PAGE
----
The Reading Institute puts a lot of emphasis on “eyes on print” time – that is, on classroom time given over to readers engaged in the act of reading. This requires creating a culture of readers with books in their hands and sticky notes at the ready for jotting questions and tracking observations (leading to critical thinking). As a teacher who recognizes that students read in digital contexts as well, I find myself wondering if “eyes on text” (eyes on media?) might be a better term. Or is it even the same thing?  My students are constantly reading as oodles of different kinds of text-based media cross their paths. Don’t we need to prepare them with the nuanced skills required to read in every way possible?My students who use tablets or e-readers for reading time love the easy access to digital dictionaries. This frees them to engage with their reading even more deeply. Are they absorbing vocabulary more thoroughly and accurately than the students who are too lazy or too engrossed to open a dictionary? Digital readers do not necessarily preclude commenting on texts. Students with e-readers can certainly annotate their reading with digital comments. Is this any different from the kind of critical questioning students do with pen in hand?My goal is to teach my students to develop a passion for reading, but I also want them to use any effective means that can help them go beyond the surface in their reading. I also recognize the value in sharing their ideas with others. Is there something magical about the handwritten (and easily sharable) sticky note comment favored by the Reading Institute, or can my students do just as well (better?) with a sticky note app like Popplet?The Reading Institute went to great pains to introduce lessons about the reading of nonfiction, acknowledging a new pedagogical emphasis on nonfiction in the Common Core. As a result, considerable (though not exclusive) attention at the Institute was given over to using historical fiction in classroom libraries and as “anchor texts” for mini-lessons. I want to go further. I would venture that most students don’t know enough about the variety of nonfiction forms to know the difference between what is basically made up (fiction) or basically true (nonfiction) – in my experience, they tend to see everything they read in terms of story. Students need to be able to read an article online and identify it as a blog or a news story or a reference source. They need to recognize rhetorical strategies like comparison or illustration and understand how they affect a reader. As my section leader at the Reading Institute stated, students need to question perspective and bias in every kind of writing. I wonder, are we really doing enough to address these skills in our classes?Reading also represents an intersection of design, image, and text. The picture book, at its best, uses each avenue of communication to the fullest. So I am excited to follow the Reading Workshop method and return to picture books and image-rich texts (online or otherwise) as a means of teaching reading skills. I also like how the Reading Institute breaks down the skills needed to deconstruct a page and address the increasing complexity of the relationship of image to text, as this builds from mere illustration to direct contradiction. How can teachers of reading in a digital context build upon this work? At the same time, how might we all step back and consider more thoroughly the elements of design and their relationship to meaning?Reading for pure pleasure is certainly something we still want to nurture – whether the children we teach are “trapped” by an engaging story (as one of my rising sixth-graders put it on a recent discussion board about his summer reading) or whether they follow the meandering path of their burgeoning curiosity by skipping from website to website (we used to call this browsing when we did it in libraries or bookstores). Still, what are the ways we can encourage our students to extend their reading – yes, by reading for depth and understanding in a traditional sense, but also by accessing auxiliary information available to us online, by following hyperlinks to make more connections, or by engaging in a rousing backchannel chat?At the same time, we certainly also need to teach students how to handle the distractions of reading in a digital context, just as we help them mediate the distractions of an antsy classmate or a nearby whispered tutorial. How can we do this if we never allow them to read on their own devices and in ways that are second-nature to them?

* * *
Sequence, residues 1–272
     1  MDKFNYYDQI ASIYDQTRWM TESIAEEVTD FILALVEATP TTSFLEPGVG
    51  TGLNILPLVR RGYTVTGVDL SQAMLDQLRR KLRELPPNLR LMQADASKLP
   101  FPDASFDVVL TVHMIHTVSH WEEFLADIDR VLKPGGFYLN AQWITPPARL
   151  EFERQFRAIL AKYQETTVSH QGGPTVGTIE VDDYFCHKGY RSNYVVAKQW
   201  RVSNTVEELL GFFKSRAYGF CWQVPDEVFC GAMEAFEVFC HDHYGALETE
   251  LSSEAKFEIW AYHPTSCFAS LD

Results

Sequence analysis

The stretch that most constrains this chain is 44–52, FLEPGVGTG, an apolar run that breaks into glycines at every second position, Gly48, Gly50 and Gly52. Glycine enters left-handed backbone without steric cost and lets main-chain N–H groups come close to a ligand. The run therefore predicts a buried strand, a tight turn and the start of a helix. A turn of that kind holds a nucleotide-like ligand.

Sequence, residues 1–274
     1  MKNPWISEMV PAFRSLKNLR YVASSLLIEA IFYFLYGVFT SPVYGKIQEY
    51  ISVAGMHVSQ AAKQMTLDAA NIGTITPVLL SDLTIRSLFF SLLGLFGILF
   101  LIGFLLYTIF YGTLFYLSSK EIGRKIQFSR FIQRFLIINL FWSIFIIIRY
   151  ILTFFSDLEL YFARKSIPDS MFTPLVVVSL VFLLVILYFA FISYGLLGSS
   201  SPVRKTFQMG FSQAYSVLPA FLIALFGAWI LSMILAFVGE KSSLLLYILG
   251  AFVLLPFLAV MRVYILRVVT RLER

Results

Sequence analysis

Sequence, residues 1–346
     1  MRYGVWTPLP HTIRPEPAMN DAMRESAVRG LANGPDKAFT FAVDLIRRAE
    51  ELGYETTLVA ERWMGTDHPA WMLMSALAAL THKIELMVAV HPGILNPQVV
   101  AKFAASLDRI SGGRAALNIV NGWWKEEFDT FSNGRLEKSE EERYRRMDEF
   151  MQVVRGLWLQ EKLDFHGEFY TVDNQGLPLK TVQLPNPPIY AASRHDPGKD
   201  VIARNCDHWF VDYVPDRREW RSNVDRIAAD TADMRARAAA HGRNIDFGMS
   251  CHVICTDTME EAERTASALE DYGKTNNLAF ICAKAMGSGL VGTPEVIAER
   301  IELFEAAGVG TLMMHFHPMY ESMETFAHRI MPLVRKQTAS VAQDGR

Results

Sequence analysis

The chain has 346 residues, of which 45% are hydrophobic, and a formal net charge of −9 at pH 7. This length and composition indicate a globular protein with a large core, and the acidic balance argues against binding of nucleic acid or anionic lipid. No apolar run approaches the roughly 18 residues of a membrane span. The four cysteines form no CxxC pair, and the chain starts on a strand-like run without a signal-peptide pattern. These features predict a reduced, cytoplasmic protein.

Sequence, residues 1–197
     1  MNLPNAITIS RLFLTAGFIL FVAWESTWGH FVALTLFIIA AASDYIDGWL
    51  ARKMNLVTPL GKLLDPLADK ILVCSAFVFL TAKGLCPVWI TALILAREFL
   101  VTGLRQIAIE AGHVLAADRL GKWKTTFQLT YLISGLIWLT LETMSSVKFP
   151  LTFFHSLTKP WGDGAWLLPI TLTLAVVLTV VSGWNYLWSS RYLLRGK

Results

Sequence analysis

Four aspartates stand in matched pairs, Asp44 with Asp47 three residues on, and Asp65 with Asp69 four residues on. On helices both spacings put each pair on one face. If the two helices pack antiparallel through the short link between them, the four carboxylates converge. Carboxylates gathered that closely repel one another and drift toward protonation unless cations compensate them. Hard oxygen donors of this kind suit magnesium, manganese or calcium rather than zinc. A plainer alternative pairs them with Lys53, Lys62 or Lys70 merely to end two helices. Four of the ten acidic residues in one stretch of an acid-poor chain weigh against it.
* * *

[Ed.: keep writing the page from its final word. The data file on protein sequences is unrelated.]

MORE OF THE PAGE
A New Generation of Readers